MINNEAPOLIS (WCCO) — Fire officials hoping to make Minnesotans safer by requiring sprinklers in new homes were delivered a blow this week.

The Minnesota Supreme Court decided not to review a decision made by a lower court regarding those sprinklers being part of the Minnesota State Building Code.

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It was the end of the line for fire officials who pushed for them. And it came as welcome news for builders who opposed the requirement.

“They’re inexpensive, they’re very effective,” St. Paul Fire Marshal Steve Zaccard said.

Zaccard has pushed for sprinklers in all new homes. The state adopted a plan last year to require them in homes bigger than 4,500-square feet. But the change to the state building code did not get very far. The Builders Association of the Twin Cities, or BATC, challenged the rule.

“We don’t understand why they wouldn’t want to build and sell the safest product they can for their customers,” Zaccard said.

He says sprinklers cost roughly 1 percent of the building cost. They go off one at a time when the ceiling temperature reaches a certain heat. He believes they are essential to save lives.

“Sometimes we can’t get there fast enough to save your life. You have to be able to get out on your own, and you can do that with residential sprinklers controlling the fire, preventing that flashover,” Zaccard said.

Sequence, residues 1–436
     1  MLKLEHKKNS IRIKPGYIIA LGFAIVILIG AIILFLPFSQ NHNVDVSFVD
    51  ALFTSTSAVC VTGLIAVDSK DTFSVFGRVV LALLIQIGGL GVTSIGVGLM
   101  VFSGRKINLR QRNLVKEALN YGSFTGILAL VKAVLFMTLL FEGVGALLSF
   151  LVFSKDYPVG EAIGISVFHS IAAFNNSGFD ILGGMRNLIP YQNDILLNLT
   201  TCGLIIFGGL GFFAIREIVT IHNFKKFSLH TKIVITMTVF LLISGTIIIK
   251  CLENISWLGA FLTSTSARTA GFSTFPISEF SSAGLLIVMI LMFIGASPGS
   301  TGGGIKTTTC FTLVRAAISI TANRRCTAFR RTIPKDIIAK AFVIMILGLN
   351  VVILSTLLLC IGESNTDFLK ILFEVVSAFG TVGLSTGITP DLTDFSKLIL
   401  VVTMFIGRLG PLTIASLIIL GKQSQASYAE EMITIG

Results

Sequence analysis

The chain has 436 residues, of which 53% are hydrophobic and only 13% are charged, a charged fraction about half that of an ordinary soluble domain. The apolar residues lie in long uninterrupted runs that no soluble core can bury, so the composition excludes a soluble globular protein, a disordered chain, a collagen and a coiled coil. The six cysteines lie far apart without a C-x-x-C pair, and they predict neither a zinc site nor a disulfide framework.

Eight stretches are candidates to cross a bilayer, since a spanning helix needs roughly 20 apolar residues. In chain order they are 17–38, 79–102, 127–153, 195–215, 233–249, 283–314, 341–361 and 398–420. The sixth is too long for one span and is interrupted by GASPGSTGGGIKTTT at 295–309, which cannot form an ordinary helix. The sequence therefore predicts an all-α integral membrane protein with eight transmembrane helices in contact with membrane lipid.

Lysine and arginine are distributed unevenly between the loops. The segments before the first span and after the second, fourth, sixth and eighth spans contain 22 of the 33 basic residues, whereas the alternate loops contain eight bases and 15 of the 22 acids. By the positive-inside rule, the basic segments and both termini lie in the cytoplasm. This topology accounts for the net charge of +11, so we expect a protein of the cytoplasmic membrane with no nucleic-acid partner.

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Shawn Nelson, former president of BATC, says the supreme court’s decision to not rule on the petition to require sprinklers is the outcome the association anticipated.

“This is the end of the road,” Nelson said. “The court has spoken here.”

He says affording Minnesotans the ability to buy a new home needs to be maintained.

“We’re really happy to have a victory for consumers and for housing affordability to really make it possible for Minnesota families to afford their next new home,” Nelson said.

Those involved with the fire service in Minnesota say while this may be the end of this fight, their work is far from done.

“We have the solution to saving lives from fires, thousands of lives a year,” Zaccard said. “We have the solution. We just have to have the willpower to do it.”

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Homeowners do have the option to add sprinklers to any new construction. Nelson says BATC is committed to working on making improvements to existing homes by requiring interconnected smoke alarms in all homes.

Jennifer Mayerle